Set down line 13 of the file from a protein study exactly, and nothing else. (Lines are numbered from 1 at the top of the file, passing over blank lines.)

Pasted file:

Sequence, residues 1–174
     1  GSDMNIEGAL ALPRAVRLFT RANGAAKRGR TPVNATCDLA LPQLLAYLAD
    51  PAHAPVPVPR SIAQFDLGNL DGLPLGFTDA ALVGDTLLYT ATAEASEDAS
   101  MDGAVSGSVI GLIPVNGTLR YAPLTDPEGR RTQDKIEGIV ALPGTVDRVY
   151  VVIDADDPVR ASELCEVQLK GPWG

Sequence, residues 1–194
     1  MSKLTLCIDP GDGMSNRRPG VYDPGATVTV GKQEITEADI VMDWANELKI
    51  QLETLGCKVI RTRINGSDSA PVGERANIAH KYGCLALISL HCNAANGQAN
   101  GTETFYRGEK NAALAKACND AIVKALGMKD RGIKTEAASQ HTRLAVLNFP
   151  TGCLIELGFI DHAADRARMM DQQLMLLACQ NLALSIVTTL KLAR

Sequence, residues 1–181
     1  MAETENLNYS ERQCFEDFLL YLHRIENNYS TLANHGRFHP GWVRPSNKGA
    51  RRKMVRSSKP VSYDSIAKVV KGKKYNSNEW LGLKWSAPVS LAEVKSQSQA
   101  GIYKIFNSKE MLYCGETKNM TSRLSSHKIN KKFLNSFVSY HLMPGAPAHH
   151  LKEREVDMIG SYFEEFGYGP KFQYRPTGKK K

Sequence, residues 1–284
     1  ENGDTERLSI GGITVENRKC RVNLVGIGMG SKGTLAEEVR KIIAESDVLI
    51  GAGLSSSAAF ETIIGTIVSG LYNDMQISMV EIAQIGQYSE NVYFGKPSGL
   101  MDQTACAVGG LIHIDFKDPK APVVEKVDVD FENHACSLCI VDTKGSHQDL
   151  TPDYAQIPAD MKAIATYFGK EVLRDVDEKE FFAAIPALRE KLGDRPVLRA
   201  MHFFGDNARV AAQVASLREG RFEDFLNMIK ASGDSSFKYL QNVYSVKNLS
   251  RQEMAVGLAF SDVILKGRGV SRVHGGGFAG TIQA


    51  RRKMVRSSKP VSYDSIAKVV KGKKYNSNEW LGLKWSAPVS LAEVKSQSQA